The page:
The NHL's rinks are smaller than those in Europe, and the players are faster and more talented.
But Pierre-Edouard Bellemare, who has been thrust into the role of second-line center until Vinny Lecavalier returns from a foot injury, said the biggest difference is the NHL's hectic schedule, which isn't as regimented as when the Parisian played in Sweden for the previous eight seasons.
The Flyers have played two sets of back-to-back games, and the schedule is more crowded than in Sweden, where teams play Tuesday, Thursday, and Saturday.
"So you know what to do to make yourself in shape for every game," Bellemare said before the Flyers faced the Los Angeles Kings on Tuesday. "Here, it's something I'm still learning. You don't want to do too much off the ice [on off days] and not do too little. I'm still getting used to it."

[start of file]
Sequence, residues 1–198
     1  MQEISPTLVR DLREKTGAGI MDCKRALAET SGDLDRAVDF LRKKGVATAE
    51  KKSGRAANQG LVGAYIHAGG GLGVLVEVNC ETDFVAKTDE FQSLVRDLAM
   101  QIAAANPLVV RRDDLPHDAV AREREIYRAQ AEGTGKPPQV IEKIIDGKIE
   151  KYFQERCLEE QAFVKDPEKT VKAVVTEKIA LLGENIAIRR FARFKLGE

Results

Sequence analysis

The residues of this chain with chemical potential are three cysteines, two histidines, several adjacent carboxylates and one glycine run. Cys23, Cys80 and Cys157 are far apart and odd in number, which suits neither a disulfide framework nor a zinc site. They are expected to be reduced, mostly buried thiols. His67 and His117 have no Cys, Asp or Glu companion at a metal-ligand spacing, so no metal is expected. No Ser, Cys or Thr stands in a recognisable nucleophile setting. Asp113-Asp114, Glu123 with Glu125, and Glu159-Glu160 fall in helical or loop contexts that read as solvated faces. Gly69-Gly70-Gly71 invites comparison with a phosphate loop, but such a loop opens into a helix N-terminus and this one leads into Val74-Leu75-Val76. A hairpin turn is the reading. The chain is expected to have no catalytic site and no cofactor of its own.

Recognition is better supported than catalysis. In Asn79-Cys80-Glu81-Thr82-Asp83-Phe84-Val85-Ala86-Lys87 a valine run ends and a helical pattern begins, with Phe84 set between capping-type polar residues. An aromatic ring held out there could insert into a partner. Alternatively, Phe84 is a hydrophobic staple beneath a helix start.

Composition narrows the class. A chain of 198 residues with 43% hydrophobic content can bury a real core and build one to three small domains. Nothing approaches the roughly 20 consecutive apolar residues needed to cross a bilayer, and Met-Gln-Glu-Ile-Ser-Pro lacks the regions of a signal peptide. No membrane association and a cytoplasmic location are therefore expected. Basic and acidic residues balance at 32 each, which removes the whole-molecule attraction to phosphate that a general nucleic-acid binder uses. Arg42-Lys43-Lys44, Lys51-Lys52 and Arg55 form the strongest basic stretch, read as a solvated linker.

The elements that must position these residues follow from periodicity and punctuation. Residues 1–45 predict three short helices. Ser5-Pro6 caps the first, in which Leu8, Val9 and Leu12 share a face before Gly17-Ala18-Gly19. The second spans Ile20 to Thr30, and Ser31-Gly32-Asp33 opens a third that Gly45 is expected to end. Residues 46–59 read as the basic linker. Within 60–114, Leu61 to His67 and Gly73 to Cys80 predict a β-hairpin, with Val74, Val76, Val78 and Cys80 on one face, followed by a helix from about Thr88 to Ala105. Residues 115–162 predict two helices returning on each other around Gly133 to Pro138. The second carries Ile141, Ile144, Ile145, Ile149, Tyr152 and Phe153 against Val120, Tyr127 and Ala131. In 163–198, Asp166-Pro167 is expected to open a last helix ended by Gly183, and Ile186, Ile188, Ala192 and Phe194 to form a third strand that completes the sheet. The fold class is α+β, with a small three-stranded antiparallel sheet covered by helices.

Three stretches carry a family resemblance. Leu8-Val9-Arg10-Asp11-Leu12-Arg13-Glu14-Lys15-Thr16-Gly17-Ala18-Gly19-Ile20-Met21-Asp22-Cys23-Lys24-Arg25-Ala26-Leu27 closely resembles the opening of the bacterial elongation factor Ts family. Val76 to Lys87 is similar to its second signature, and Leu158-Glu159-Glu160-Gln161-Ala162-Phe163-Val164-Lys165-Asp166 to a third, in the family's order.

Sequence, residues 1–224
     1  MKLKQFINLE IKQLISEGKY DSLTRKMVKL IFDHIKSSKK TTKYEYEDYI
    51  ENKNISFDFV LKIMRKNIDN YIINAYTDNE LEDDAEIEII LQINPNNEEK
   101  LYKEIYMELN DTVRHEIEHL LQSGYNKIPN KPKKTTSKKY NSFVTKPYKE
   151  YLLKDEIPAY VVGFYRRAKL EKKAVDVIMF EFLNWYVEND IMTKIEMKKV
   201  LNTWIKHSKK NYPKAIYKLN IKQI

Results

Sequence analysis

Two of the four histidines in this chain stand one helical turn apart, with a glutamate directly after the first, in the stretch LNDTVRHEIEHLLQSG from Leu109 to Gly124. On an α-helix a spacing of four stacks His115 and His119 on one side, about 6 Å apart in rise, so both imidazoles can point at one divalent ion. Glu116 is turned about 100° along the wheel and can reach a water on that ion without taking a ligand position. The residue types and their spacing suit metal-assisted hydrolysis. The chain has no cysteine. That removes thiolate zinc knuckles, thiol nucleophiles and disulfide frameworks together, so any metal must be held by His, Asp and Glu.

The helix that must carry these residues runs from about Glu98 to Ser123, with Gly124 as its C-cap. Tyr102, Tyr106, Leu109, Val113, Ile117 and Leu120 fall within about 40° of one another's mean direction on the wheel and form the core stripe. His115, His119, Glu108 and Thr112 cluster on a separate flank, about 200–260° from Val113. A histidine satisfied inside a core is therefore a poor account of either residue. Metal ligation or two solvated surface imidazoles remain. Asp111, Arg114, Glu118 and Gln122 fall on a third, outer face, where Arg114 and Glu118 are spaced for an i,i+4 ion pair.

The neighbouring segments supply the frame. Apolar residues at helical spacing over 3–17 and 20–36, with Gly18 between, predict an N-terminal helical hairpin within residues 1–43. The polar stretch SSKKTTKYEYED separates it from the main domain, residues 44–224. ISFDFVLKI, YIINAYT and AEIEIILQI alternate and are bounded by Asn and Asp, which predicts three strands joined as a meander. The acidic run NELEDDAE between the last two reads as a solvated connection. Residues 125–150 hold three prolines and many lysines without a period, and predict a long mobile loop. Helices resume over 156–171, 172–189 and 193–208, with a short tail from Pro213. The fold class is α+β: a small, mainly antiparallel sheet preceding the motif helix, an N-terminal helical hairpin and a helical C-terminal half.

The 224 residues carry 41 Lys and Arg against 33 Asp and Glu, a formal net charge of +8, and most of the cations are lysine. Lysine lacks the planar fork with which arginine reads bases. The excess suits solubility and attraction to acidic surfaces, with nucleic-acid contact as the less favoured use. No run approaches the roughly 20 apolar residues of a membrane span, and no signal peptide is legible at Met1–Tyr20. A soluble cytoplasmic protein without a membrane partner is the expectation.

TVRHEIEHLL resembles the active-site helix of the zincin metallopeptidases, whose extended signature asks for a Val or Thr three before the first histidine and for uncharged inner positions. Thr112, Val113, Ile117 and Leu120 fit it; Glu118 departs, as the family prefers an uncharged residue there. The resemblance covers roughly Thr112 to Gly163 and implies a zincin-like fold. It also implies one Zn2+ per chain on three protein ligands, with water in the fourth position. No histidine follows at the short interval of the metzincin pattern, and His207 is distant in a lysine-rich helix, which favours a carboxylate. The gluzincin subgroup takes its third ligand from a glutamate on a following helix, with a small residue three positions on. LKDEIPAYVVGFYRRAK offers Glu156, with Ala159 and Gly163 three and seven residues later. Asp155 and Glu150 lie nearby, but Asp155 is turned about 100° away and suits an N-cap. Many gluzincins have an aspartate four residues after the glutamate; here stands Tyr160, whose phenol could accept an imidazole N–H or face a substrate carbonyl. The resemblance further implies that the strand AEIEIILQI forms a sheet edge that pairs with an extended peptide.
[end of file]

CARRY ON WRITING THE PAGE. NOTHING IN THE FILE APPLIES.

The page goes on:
Bellemare, 29, who had a goal and a plus-two rating in his first eight games, has done his best work on the penalty-killing unit, but he believes he should be doing more on the second line, alongside Brayden Schenn and Wayne Simmonds. Bellemare began the year centering the fourth line, and he will go back to that unit when Lecavalier returns.
"I'm not really impressed with the way I've addressed the chance," Bellemare said. "It's a process, and those guys are so skilled that they need to get more pucks out of me."
"In his defense, we moved him up pretty quick. I would have liked to have seen him where he was at a little longer," coach Craig Berube said.
Lecavalier continues to make progress, and he will make the trip to Florida, but Berube said he was not sure he coulc play Thursday against his former team, Tampa Bay. . . . The Kings dressed just 19 players instead of 20 because of Anze Kopitar's injury and salary-cap problems caused by Slava Voynov's suspension.
THIS ISN'T SWEDEN